The one thing you will hear from every parent that you talk to is that you need to get ready for your little one getting sick. From the common cold, to ear infections steering clear of germs is simply impossible! The good news is that as your child gets older, these occurrences should decrease. The best thing you can do is to build up your support network of caretakers who can step in when you or your partner are unable to take time off work or to work from home. If you don’t have family members to step in, interview some nannies or an on-call sitter. Having these people on speed dial will be a lifesaver! If you are able to work from home, here are some great tips on how to keep the kids occupied, while you try and get some work done.
4. Onboarding After Maternity Leave
Speak to your employer about the option to transition back part-time rather than jumping in full-time on you first week back. If your company is routed well in employee training and development, you’ll have a good system in place to help you onboard after your leave. In addition, many businesses offer flex when onboarding after maternity leave, so take the time to find out more about your options. If your onboarding isn’t as strong as you’d like there are some things you can do to help yourself to get back into the swing of things.
When you’re back, work with your teams to understand their updated ways of working, meet new team members and share with them your experience with the little one! Take the time to ask for training on any software or processes that may have changed or you may need brushing up on to be successful. Work with your manager to develop the next three months, set yourself up for success by setting goals both short term, and long and asking for the resources or support you need to achieve them. If you are still nursing, have the discussion with your manager as well and find out what the company has in place to help support you with this decision. This can range from providing you time to pump as well as a place to store your milk until heading home.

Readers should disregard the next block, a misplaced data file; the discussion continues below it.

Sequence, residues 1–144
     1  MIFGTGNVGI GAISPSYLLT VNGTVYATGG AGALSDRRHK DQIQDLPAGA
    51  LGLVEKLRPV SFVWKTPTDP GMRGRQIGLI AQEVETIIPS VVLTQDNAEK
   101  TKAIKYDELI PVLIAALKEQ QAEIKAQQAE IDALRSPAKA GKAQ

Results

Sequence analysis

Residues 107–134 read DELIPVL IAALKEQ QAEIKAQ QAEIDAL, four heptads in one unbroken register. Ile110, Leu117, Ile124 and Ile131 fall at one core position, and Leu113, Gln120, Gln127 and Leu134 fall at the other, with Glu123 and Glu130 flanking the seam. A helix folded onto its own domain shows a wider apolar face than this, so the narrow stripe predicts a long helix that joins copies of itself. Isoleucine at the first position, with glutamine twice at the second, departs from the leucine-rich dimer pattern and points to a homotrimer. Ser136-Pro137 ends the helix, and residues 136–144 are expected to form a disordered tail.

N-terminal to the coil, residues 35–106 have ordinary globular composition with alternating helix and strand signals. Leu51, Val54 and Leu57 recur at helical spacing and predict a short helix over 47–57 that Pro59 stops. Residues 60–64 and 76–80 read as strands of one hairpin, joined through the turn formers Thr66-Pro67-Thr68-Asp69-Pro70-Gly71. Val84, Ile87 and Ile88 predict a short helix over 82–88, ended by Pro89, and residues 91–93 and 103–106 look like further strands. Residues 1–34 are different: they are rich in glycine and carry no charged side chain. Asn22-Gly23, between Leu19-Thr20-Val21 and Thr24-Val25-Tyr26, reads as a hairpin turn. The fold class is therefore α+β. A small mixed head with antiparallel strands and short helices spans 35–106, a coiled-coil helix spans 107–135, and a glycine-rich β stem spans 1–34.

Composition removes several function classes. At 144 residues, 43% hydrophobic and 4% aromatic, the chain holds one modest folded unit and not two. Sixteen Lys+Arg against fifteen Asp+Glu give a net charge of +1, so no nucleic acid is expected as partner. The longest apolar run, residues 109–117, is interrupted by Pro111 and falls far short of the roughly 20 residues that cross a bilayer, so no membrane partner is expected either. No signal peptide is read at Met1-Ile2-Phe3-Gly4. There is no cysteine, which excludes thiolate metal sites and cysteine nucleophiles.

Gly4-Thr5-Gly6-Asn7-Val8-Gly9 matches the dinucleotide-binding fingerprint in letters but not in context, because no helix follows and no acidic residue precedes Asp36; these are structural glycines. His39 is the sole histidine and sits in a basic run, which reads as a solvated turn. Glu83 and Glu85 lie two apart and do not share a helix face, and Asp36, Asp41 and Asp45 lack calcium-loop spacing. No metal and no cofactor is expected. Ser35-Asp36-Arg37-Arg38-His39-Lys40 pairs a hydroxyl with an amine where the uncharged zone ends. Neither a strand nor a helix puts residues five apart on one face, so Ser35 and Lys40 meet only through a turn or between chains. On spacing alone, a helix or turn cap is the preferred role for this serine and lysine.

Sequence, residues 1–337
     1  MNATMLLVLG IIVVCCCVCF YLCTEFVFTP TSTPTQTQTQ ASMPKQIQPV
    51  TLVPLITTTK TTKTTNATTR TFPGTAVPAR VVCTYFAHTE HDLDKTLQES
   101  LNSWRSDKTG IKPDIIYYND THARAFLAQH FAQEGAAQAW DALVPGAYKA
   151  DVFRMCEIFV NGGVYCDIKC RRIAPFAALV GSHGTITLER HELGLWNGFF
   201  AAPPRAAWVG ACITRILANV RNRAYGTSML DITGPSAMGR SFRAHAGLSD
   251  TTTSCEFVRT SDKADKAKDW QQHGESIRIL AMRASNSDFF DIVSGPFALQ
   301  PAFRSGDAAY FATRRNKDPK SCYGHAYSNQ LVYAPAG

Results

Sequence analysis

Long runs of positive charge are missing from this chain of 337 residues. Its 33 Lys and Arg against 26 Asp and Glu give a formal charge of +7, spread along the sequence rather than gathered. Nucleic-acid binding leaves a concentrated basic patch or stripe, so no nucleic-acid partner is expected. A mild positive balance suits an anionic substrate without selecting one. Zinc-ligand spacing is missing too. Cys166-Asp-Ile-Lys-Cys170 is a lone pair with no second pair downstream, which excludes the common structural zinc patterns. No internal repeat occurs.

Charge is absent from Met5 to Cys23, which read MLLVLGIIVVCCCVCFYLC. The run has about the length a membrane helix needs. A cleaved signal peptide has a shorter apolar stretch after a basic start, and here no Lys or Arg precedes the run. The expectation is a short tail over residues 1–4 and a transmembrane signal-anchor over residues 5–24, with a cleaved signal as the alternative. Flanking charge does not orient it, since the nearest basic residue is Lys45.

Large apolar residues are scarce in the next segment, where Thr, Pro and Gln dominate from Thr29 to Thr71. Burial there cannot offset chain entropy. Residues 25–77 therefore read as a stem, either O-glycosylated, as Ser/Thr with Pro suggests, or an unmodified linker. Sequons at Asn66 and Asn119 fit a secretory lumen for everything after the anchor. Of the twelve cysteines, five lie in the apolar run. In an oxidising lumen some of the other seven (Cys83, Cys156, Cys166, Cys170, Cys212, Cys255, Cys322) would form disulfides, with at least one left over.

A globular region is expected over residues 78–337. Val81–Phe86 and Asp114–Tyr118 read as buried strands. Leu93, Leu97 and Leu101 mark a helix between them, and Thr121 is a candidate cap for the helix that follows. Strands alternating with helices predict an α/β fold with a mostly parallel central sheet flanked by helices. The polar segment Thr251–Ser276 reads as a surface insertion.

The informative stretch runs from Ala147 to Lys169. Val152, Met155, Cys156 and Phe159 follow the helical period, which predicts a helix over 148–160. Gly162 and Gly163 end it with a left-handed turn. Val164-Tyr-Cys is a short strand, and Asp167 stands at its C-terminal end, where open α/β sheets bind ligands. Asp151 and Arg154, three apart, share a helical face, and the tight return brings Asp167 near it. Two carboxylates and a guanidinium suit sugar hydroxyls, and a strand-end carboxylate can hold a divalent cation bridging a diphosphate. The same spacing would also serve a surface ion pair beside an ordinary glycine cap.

5. Outsource Where Possible!
If the household can afford it, find the right fit for household chores while you head back to work. You are no longer stranger to the large amount of laundry or dishes that such a small person can create, so having someone to help where possible can help create a better work life balance. Think about other things that an external service provider can help with from mowing the lawn to house cleaning. Now that you’re back at work, time spent with the kids becomes that much more valuable so try and free up as much time as possible.
6. Talk to Someone
The pressures of returning to work, being a good mom, and having it all together can be very taxing. Your first few weeks can feel overwhelming. You may feel guilty about leaving your little one, or for having to leave work early, among tons of other things. Speaking to a professional about your feelings and concerns can help you manage all of it. If your company offers this service, take advantage of it. While your partner is also there to help, they may also be dealing with their own transitional issues. Speaking to someone that is truly unbiased can help. Also, consider joining one of the many social groups that are available which can provide tons of advice and tips to help you through this new stage.